All animals have all neurological substrates needed to have consciousness levels, being able to show intentional behaviors and have related feelings, at a higher or lower level. To Molento (2006), traditional Cartesian science must evolve from a simple stance and, once there is no clear answer about what animals are sentient, there is a moral duty to give animals the benefit of doubt and treat them as if they were.

In this context, acknowledging animals are sentient beings is enough to put them inside the sphere of similar interests consideration and whether sentience is real, so Environmental Law must agrees with it.

Stating an animal is sentient is accepting it suffers and is aware of its suffering. Writing it down under a legal text means legitimating a new law aspect not used yet which must be more than an adornment, becoming a real obstacle to the abuses committed against animals, aligned with the commitment of citizens and the State to care for the effective respect to their interests, often as basic and evident that resume to live with dignity (GIMÉNEZ-CANDELA, 2017).

Currently representatives of Animals Rights fight for a serious, scientific discussion about the matter as an attempt to open space for such field. As one advances deeper into animals objectification, domination becomes normal and takes place. In this sense a problematization about the moral sense of humans acts as to animals in order to include them in our moral sphere, from which they were historically withdrawn is needed, including EE discussions.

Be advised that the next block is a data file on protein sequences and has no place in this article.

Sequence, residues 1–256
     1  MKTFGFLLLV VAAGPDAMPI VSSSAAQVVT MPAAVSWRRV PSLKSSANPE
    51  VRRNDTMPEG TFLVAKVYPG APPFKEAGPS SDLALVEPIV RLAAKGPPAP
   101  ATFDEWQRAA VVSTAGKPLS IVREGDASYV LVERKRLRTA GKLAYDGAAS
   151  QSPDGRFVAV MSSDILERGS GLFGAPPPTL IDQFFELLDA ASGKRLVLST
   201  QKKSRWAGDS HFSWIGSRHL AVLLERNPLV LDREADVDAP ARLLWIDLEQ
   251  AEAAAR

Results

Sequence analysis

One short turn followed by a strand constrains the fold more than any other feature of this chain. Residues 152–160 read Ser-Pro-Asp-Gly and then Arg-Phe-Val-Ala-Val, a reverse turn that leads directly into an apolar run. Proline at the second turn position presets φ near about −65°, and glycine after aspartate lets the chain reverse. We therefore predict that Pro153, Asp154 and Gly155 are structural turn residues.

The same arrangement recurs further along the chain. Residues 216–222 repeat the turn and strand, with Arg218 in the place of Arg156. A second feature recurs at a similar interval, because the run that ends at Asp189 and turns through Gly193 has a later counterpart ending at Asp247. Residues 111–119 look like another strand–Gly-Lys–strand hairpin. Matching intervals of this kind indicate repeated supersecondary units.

Considering sentience an established concept, it is not possible to step back as to Animals Rights. So, we discuss how it can be materialized on legal texts, from the intrinsic value and respect of the other as an argument to understand how dignity can go further than human meaning, becoming a proposal of animals’ dignity. Sarlet (2012) says dignity is:

The intrinsic, distinctive quality recognized in each human causing him to deserve the same respect and consideration by both State and community, in this sense implying a complex of fundamental rights and duties to prevent the individual against any degrading, inhuman act, as well as guarantee minimum existence conditions for a healthy life besides providing and promoting the active and co responsible participation on the fate of his own existence and life with other human beings (SARLET, 2012, p. 60).

The concept of moral dignity among humans came from a long historical process, consolidated in the conception of a rule written as a general, uniform one, indistinctly applicable to all members of an organized society (SILVA, 2009). Dignity of the human person figures as a fundamental principle in Brazilian state. With such understanding, the rule of human person dignity has been taken as a principle of pre-constituent value and supraconstitution hierarchy, both to Federal Constitution (FC) dated 1988 and to most constitutional letters,(GORDILHO, 2009).